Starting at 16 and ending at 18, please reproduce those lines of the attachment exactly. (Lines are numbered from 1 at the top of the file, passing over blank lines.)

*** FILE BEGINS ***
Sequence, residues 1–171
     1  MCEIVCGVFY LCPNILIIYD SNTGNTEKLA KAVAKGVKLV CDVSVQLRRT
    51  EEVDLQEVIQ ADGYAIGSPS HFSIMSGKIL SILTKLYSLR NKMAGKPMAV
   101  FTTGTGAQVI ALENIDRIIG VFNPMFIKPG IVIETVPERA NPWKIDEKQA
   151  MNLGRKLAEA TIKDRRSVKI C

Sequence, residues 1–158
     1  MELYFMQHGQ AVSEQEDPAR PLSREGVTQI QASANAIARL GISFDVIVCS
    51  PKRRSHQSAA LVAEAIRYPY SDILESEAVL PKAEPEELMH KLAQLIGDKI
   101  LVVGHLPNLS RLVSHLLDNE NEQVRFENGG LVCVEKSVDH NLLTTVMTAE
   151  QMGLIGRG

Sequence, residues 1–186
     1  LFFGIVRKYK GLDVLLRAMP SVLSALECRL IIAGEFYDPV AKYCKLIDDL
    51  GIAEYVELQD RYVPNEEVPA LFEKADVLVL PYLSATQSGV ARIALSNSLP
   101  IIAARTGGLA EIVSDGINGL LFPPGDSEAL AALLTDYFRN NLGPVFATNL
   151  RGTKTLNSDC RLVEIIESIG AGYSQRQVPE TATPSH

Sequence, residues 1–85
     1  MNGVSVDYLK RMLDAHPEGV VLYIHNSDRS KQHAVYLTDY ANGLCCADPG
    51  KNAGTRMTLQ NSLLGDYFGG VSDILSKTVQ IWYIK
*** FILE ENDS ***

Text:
Sequence, residues 1–85
     1  MNGVSVDYLK RMLDAHPEGV VLYIHNSDRS KQHAVYLTDY ANGLCCADPG
    51  KNAGTRMTLQ NSLLGDYFGG VSDILSKTVQ IWYIK